Tag Archives: lysine

Amino Acids Lysine, Proline, Arginine To Treat Prostate Cancer

A study into the anti-tumor effects of specific nutrients has led to positive results. A unique amino acids-plus formulation of lysine, proline, arginine, ascorbic acid, and epigallocatechin gallate was proved to have anticancer properties, and could become a natural anticancer agent to treat prostate cancer. 

Prostate cancer is the most common cancer among men, after skin cancer. In fact, about 1 man in 6 will be diagnosed with prostate cancer (U.S. data). But prostate cancer can often be treated successfully, especially if detected early.

Prostate cancer can often be found by testing for a prostate-specific antigen in the blood. A digital rectal exam is also a common screening technique. Once diagnosed and staged, prostate cancer can be treated with surgery, radiation therapy, cryotherapy, chemotherapy, hormone therapy, and other treatments.

Because some treatments, like chemotherapy, have severe side effects, scientists worldwide are studying new, non-toxic anti-cancer therapies, including some amino acids.

Amino acids nutrient study results: proliferation of prostate cancer cells reduced

Researchers Roomi MW, Ivanov V, et al, from the Matthias Rath Research, Cancer Division, Santa Clara, USA, developed a unique formula containing specific amino acids to treat prostate cancer cell lines.

Various concentrations of the amino acids lysine, proline, and arginine, were combined with ascorbic acid and epigallocatechin gallate. This mixture was tested on prostate cancer cell lines in vitro. The proliferation, or growth, of prostate cancer cells was measured.

Lysine is one of the essential amino acids, which means we must ingest it since our bodies cannot produce it by themselves. The two amino acids proline and arginine are synthesized in our bodies, though of course all amino acids can be consumed as supplements or can come from eating certain protein foods, including meats.

Results of the study were impressive. The amino acids-plus mixture produced a dose-dependent inhibition of some of the prostate cancer cell lines. The researchers concluded that the lysine, proline, and arginine amino acids, ascorbic acid, and epigallocatechin gallate mixture could become a potent anticancer agent, and could be a new treatment for prostate cancer.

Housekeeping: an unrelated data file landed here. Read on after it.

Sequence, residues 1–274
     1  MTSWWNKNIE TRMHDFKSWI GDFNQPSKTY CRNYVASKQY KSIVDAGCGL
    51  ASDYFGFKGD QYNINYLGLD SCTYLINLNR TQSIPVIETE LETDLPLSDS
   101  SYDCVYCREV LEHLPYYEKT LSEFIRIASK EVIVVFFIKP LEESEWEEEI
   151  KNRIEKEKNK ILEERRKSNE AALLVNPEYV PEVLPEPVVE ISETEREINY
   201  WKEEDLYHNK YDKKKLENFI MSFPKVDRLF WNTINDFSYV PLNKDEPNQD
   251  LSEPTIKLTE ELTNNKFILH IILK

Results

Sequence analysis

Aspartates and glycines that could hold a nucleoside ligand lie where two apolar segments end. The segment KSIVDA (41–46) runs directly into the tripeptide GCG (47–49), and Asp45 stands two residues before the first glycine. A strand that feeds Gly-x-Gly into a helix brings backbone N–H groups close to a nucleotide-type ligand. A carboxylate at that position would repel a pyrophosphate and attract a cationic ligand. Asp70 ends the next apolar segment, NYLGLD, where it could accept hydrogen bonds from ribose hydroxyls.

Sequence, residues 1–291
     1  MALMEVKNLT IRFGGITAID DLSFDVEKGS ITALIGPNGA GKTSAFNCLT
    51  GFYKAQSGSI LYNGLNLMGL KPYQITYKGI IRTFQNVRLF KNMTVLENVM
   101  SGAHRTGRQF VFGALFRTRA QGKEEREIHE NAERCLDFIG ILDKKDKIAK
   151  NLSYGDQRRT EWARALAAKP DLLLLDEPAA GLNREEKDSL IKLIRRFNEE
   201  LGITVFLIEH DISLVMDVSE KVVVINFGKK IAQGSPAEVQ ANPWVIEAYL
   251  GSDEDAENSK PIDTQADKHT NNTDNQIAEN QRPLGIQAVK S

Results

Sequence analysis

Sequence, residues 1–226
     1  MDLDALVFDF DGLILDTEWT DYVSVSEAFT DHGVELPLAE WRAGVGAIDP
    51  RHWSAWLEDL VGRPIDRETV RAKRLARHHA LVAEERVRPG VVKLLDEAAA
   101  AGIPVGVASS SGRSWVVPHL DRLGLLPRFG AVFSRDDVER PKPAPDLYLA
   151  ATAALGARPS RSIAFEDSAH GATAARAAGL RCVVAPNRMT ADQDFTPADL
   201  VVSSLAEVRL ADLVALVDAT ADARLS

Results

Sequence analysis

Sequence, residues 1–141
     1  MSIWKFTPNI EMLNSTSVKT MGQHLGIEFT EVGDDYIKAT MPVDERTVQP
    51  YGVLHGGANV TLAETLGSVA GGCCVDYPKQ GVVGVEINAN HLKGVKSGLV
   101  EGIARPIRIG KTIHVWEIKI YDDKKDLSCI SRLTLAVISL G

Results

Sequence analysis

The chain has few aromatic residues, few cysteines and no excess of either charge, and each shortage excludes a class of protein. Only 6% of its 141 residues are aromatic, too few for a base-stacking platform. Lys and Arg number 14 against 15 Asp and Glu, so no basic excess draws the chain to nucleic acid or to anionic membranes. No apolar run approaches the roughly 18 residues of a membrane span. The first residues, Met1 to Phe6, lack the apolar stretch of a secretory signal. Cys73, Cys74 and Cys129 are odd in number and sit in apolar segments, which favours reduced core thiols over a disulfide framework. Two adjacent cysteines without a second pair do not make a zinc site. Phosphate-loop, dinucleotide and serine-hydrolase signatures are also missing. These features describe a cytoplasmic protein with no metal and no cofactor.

Sources:

http://www.ncbi.nlm.nih.gov/pubmed/17564322

Lysine and Stress

An interesting study concludes that foods fortified with Lysine can reduce anxiety and stress in people whose diets are Lysine-deficient. This reflects the importance of the relationship between amino acid nutrition and mental health and more specifically, Lysine and stress.

The amino acid Lysine is a vital building block for all protein in the body. Lysine plays a major role in calcium absorption; building muscle protein; recovering from surgery or sports injuries; and the body’s production of hormones, enzymes, and antibodies.

This important amino acid is found in many foods, and is easily consumed as part of a balanced diet. High protein foods such as such as eggs, meat (specifically red meat, lamb, pork, and poultry), soy, cheese (particularly Parmesan), and certain fish (such as cod and sardines) contain Lysine.

However, Lysine deficiencies can be found in communities consuming wheat as a staple food. Lysine is the limiting amino acid (the essential amino acid found in the smallest quantity in the particular foodstuff) in most cereal grains.

Lysine and stress  — reduction through fortification

As part of a three-month wheat fortification trial, dietary data were collected on five impoverished communities in northwest Syria, who depended mainly on wheat for their dietary supply of protein.

The study, reported by Nevin Scrimshaw, Miro Smriga, Shibani Ghosh, et al, from the Food and Nutrition Program, United Nations University, hypothesized that fortifying a lysine-deficient diet in poor communities would reduce anxiety and stress, and improve the quality of life. In other words, they believed that there was a genuine connection between Lysine and stress.

The study found that people on the lysine fortification diet reported significantly reduced chronic anxiety. Results indicate that not only long-term anxiety but also acute stress response is lessened by lysine fortification.

It is hoped that stress-related problems, which range from high anxiety to infectious diseases, will be solved by offering lysine fortified foods to other impoverished populations with no other source of dietary protein.

Sources:

  1. http://www.ncbi.nlm.nih.gov/pmc/articles/PMC420386/
  2. http://en.wikipedia.org/wiki/Lysine

Buy Lysine Online at:

  1. Walgreen’s
  2. GNC

 

Can L-lysine Help Alleviate Migraines?